The message is the heart of your campaign; this is what will engage supporters and ultimately reach your goal. You get to be a storyteller. You want to capture people’s hearts and minds so going beyond the facts and creating a dramatic story will likely be impactful. The more your audience can relate to your message, the more likely they are to take action. A campaign message has two parts: the problem and the proposed solution.
You know what you want to say and who you will say it to, but how will you say it? What are your campaign strategies? Will you do a one-time tik tok campaign and hope it goes viral? Will you create digital ads for a variety of social media? Consider what makes the most sense for your message and audience?
Now that you have your first prototype, it's time to share it and get feedback so that you can improve it.
Watch the video to see an example of creating a testing plan to get feedback.
Consider using any of the following methods to structure and organize your feedback-gathering process.
A feedback grid helps you get feedback in a structured way. You can use it during testing or after to organize feedback. Divide a sheet of paper into four quadrants. Label:
“Likes” for positive feedback
“Criticisms” for negative feedback
“Questions” for questions that participants asked
“Ideas” for ideas that the session sparked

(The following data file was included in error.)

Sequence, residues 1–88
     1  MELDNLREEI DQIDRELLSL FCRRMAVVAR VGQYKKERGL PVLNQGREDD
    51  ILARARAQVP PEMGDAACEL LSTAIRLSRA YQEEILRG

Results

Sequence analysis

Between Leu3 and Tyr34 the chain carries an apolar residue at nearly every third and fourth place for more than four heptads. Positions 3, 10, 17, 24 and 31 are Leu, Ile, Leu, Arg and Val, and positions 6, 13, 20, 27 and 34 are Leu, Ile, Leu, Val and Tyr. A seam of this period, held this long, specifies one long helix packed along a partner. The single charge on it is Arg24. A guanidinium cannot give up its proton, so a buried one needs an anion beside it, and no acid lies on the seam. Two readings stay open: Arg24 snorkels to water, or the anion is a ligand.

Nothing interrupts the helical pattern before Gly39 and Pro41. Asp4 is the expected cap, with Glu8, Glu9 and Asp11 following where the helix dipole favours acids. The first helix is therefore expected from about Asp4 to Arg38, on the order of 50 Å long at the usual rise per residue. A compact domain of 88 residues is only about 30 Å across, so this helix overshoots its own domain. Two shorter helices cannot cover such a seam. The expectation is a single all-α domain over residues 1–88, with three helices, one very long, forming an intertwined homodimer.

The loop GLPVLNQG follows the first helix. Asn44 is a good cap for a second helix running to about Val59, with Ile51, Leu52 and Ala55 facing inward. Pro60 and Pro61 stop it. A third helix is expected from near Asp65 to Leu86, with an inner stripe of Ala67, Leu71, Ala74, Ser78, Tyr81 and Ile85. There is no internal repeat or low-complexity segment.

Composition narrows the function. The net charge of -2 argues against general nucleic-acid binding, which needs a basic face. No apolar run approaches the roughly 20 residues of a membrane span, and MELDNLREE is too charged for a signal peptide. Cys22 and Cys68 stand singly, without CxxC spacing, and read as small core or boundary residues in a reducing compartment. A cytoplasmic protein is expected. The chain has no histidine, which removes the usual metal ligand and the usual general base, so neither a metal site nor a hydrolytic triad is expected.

This method is useful when your participants don’t have much experience with giving constructive feedback. Ask participants to use the three kinds of statements:
“I Like...” statements provide positive feedback.
“I Wish...” statements help to collect negative feedback and constructive criticism.
“What If...” statements enable participants to provide new suggestions.
A survey is a great way to get feedback from a lot of people. You can get quantitative feedback (for example, "50 people thought that our prototype...". A few survey tips to keep in mind and more:
Ask close-ended questions (yes/no, or give choices)
Make sure your questions are unbiased
Limit the number of questions
Testing Your Assumptions
What do you want to learn from testing your prototype? What assumptions would you like to test? Assumptions, what you think is true, but don’t yet know to be true, are baked into every idea. Testing prototypes with real people is a great way to check your assumptions and testing early in your process allows you to “learn fast by failing early, often, and cheaply.”
After you get feedback, it’s time to make changes to your prototype or prototype another part of your product. Remember, the goal is not for your prototypes to be universally loved. The goal is to get as much feedback as you can to help you make your concept better. Continue to prototype, test, and iterate as much as you can, until you are satisfied with your prototype. This may be a multi-day process and is not to be rushed.
Continue to prototype, test, and iterate, as time allows and you feel happy with your final prototype.
Make sure your prototype demonstrates that your idea is:
Purposeful: Addresses the problem
Results: Will have an impact
Original: Is unique from everything that already exists or builds on something in a new way